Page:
Socialized Capital — The next evolution of Capitalism?

One of my personal heroes is Professor Muhammad Yunus, the founder and former managing director of Grameen Bank.  A social entrepreneur who inadvertently birthed the idea of Microcredit.  From it spawned a new era in financing, while modeled for the poor — Grameen Bank’s ideas and basics spawned everything from Kiva, which I’m a member of, to Kickstarter and Indiegogo.  Microcredit/Microfinance/Crowdfinance has gone from an uncertainty, to a now accepted business practice, with everything from money for the poor, to basement start-ups and high-tech entrepreneurs who are just looking for a fresh infusion of capital to get them going, when they may not qualify for a traditional loan or grant otherwise.  This socially-geared form of finance has proven highly successful, both in “grant” style, and in loan-repayment style — Kiva often bills itself as having higher repayment rates than most banks in the United States do.

The world’s economy has gone through three major cycles in it’s history:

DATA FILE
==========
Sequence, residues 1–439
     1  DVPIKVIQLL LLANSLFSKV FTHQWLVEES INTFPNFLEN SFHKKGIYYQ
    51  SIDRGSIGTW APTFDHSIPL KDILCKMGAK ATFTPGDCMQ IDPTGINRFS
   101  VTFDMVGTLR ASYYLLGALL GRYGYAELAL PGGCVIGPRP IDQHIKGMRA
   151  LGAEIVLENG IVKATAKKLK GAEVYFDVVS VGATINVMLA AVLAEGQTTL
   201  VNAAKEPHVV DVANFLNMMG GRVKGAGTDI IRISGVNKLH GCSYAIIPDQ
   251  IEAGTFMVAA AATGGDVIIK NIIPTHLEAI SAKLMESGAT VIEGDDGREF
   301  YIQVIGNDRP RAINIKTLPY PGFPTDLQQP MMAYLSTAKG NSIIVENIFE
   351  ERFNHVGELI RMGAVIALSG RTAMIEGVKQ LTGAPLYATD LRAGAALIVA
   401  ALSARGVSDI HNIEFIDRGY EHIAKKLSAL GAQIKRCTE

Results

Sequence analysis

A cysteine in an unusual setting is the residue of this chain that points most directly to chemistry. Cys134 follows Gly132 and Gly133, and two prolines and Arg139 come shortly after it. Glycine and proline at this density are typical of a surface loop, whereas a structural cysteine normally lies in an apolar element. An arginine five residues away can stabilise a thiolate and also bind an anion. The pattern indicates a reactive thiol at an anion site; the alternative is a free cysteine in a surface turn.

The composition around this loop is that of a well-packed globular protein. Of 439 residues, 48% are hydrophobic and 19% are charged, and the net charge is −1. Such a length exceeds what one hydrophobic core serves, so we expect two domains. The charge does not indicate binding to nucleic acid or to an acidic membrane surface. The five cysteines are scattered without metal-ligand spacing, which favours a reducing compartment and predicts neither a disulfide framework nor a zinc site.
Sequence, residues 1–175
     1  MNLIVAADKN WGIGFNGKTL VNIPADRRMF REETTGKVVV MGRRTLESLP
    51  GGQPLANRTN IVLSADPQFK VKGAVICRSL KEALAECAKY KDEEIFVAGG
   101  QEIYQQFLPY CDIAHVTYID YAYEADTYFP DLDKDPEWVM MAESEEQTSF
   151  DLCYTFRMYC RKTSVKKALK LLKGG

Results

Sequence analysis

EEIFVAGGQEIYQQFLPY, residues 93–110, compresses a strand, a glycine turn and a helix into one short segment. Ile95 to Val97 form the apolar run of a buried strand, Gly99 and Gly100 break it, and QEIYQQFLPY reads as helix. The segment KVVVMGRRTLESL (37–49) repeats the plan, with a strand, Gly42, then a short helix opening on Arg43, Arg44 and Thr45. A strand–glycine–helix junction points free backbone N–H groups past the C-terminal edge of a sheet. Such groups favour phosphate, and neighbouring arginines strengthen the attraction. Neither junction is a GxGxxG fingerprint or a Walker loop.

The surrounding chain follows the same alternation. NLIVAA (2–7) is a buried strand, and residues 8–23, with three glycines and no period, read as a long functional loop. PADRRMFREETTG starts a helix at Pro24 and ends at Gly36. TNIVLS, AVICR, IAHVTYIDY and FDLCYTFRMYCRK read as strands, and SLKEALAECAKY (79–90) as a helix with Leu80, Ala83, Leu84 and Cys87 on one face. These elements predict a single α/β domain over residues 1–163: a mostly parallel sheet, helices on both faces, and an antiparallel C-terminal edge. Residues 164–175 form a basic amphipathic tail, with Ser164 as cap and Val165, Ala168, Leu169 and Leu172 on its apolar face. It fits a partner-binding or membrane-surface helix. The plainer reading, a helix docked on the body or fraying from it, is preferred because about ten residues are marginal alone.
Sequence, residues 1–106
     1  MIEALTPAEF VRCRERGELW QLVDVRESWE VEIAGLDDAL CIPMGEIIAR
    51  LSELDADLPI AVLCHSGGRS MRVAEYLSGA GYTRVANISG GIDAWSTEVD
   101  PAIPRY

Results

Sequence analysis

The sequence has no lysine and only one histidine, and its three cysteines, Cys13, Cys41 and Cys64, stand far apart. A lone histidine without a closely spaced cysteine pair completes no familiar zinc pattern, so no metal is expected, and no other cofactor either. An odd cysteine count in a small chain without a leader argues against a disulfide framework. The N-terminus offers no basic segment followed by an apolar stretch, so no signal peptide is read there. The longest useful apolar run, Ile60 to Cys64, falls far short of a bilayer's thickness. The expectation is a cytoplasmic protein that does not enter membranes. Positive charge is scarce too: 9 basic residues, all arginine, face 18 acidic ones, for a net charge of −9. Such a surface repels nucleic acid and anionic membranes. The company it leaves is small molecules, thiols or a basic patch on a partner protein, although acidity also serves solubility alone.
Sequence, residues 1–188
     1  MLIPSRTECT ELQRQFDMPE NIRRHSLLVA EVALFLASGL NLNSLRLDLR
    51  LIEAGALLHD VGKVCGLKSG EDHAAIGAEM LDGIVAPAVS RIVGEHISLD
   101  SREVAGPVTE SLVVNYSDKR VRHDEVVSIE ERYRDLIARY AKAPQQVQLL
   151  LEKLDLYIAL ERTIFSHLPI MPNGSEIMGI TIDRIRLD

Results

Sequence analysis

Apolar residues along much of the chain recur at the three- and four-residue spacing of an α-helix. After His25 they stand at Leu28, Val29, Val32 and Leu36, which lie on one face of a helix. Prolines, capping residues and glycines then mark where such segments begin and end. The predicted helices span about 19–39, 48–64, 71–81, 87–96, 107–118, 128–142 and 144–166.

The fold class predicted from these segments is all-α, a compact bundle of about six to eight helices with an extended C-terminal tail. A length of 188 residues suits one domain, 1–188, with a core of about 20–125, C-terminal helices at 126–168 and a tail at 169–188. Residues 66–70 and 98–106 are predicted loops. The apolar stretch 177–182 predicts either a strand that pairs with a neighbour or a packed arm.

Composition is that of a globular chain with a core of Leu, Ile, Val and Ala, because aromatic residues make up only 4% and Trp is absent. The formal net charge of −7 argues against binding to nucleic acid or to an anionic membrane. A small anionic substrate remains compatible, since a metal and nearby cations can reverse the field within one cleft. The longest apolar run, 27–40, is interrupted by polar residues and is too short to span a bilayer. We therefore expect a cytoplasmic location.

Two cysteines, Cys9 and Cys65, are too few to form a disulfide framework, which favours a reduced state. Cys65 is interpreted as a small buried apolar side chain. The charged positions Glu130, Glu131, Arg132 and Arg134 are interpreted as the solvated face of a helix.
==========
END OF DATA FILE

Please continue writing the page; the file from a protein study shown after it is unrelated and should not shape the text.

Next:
The Agrarian economy, which was from the birth of civilization, till about the industrial revolution, which consisted of land owners as the upper class, and the land workers as the lower class.  Land was the king here.  Agriculture and husbandry was the big thing here.

The Capitalist economy, which took off during the industrial revolution, and continued through to World War II.  Here, MONEY was the king.  You had Capitalists as the upper class, and the Blue collar people as the middle and lower class.  Here, it was about paper money, and [generally] unskilled labor.

The Post-Capitalist economy began after World War II, was a drastic shift from where simply having money didn’t mean you made money.  You now needed to have knowledge.  Knowledge-based workers are the upper class, more often than not, and service-based workers are the middle and lower classes, more often than not.  Those who succeed MAY have a healthy dose of capital, but it’s usually more often that their knowledge in an industry or a specific sub-set of skills makes them successful in their given area.

Is this the future of capitalism in the world?  Will the 21st century be the birth of the next evolution in our world’s economy?

Some Links:

Professor Muhammad Yunus talks about the birth of his idea of Microcredit
 Some background on Amartya Sen, another economist I admire

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